Louiseandfriends - the rats do live with friends of their own kind and I would never try to have them actually living with my rabbit, and they will not even interact after the advice I've seen above and what I witnessed earlier. What I'm trying to work out now is where to keep them in my house. And I know it's controversial to keep Boo as a lone bunny but I work from home and am with him all day. If Boo starts to seem sad and I know it's nothing I can help with, I will get him a friend, but many people keep lone bunnies and they are perfectly happy. Here's a thread from another bunny forum discussing it: http://goldenbunnies.org.uk/showthread.php?5246-I-am-an-unacceptable-rabbit-owner
     
    #8 franzipantz, Nov 20, 2012
    Last edited: Nov 20, 2012
  9. Louiseandfriends

    Louiseandfriends PetForums Senior

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    Aso Your rabbit NEEDS a friend and at least 50 square foot of space 24/7. :) xx
     
  10. Lil Miss

    Lil Miss PetForums VIP

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    when your asleep your rabbit will be at one of the most active points in his day, he needs acses to 6ft x 6ft square at all times, unless your cage is that big then its not fair to lock him away
    i dont really care what that forum has to say either, admin keeps her own rabbit as a lone rabbit and will do anything to justify her own actions.
    no rabbit should have to live alone just because we want them to, we can not mimic the interaction and socilization they get from their own kind, unless of course you are willing to curl up on the floor snuggled over said bun licking him clean........ and of course you cant talk bunny either, imagine your stuck in a room with only birds for company, you never have another human being to talk to, you would go mad

    you are not a rabbit, you can not make up for lack of rabbit company, no matter how hard you try, or how much you love him, or how much time you spend with him, on his own your bunny will be bored, lonely, and most probably pretty depressed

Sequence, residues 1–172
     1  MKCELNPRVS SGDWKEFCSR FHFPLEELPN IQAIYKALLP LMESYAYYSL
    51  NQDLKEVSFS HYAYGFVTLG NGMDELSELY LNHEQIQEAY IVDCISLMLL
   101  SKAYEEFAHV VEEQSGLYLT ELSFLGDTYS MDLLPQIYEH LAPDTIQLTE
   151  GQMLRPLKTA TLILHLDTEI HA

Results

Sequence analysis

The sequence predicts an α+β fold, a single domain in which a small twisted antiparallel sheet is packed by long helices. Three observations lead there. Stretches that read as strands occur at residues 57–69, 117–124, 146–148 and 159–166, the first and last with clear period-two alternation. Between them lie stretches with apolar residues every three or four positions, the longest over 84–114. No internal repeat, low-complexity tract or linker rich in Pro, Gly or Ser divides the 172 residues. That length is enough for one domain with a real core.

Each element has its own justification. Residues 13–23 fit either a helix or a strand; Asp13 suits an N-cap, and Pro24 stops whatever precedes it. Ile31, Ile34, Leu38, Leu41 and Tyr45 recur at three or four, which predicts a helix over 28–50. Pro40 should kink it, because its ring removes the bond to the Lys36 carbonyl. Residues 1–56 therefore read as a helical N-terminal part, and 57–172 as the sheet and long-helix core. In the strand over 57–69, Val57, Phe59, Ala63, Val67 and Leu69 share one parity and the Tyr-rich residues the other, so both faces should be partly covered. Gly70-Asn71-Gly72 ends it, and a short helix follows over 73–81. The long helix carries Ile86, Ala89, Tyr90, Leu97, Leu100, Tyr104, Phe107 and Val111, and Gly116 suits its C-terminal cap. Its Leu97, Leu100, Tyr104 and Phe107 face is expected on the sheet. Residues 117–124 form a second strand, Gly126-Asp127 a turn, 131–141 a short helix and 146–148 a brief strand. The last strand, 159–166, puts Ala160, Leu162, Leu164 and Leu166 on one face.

11. B3rnie

    B3rnie Guest

    That thread is 5 years old, opinions and knowledge changes over time ;)

    Also as Lil Miss said the admin of that forum (the thread starter) keeps a lone rabbit and uses a million and one excuses to justify it.

    Rabbits need company, lone rabbits will suffer either silently or by expressing stereotypical behaviours. They are a prey species that relies on group members to stay safe so a lone life is very stressful.

    It has actually been scientifically proven that neutered and bonded rabbits live a much longer life than lone entire rabbits and if that isn't enough it has also been proven that lone rabbits won't express certain behaviours (I think a lone rabbit will only express 4/5 different behaviours, whereas a rabbit with company will express many, many more).

    And besides if you don't get Boo a friend you won't be treated to sights such as this:

    [​IMG]
     
  12. Louiseandfriends

    Louiseandfriends PetForums Senior

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    Nor this

    [​IMG]

    [​IMG]

    Isn't not really right to keep them alone, is it?

    Look at the siggy. :) xx EDIT: oh sorry, I changed it lol.
     
    #12 Louiseandfriends, Nov 21, 2012
    Last edited: Nov 21, 2012
  13. Summersky

    Summersky PetForums VIP

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    I agree -rabbits really do need company of their own kind.

    Just occasionally though, there can come along an "unbondable" bunny - there was one at our local centre - adorable with humans, but vicious with other bunnies, even with a very experienced bonder.

    These rabbits have no choice but to live alone - either as a house bunny where they are guaranteed lots of human company and interaction, or in inside/outside accommodation alongside other bunnies, with a view to later trying to bond them together.

    Never say never.
     
  14. Lil Miss

    Lil Miss PetForums VIP